The lawsuits accusing Mr. Bush of exceeding his constitutional powers were filed in federal courts were filed in New York by the Center for Constitutional Rights and in Detroit by the American Civil Liberties Union.
The New York suit – filed on behalf of the center and individuals – names Mr. Bush, the head of the National Security Agency, and the heads of the other major security agencies. It challenges the NSA's surveillance of persons within the United States without judicial approval or statutory authorization.
It asked a judge to stop the president and government agencies from conducting surveillance without a warrant of communications in the United States.
The Detroit suit, which also names the NSA, was filed by the ACLU, the Council on American-Islamic Relations, the environmental group Greenpeace and several individuals.
and in New York by the Center for Constitutional Rights (.pdf).
A White House spokesman called the lawsuits "frivolous" and said they will do nothing to enhance civil liberties or protect the American people, reports CBS News correspondent Mark Knoller.
"If you're not talking to a known al Qaeda member or a member of an affiliated organization, you don't have to worry about this," White House press secretary Scott McClellan said.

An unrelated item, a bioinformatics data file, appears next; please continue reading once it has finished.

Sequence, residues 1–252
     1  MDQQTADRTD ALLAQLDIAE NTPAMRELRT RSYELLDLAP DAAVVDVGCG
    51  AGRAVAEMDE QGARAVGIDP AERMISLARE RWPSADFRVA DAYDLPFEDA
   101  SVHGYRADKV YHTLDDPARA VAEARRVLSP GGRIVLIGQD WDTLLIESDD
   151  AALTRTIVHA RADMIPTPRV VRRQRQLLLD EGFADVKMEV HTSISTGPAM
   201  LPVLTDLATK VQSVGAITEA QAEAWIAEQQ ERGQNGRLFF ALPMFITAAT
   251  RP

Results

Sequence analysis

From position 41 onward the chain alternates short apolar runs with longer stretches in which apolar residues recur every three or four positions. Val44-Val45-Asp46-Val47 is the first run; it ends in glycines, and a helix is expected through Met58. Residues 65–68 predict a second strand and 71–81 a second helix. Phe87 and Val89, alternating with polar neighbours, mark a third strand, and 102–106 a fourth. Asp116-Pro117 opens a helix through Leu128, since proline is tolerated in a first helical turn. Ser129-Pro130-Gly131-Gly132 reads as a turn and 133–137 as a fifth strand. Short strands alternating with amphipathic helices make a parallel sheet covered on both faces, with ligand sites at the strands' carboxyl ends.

The plaintiffs find plenty to worry about, however, CBS News chief White House correspondent John Roberts reports. They are not suspected terrorists. They are attorneys and journalists who believe the government may have targeted their contacts with clients and sources overseas. While they have no proof, they argue the NSA is too powerful and needs to be checked.
Mr. Bush, who said the wiretapping is legal and necessary, has pointed to a congressional resolution passed after the attacks of Sept. 11, 2001, that authorized him to use force in the fight against terrorism as allowing him to order the domestic eavesdropping program.
Between the lawsuits and the pending Senate hearings, the White House is beefing up its defense. CBS News has learned the Justice Department is aggressively working to expand the legal justifications of the NSA spying program and could make those arguments in public later this week.
The program authorized eavesdropping of international phone calls and e-mails of people deemed a terror risk.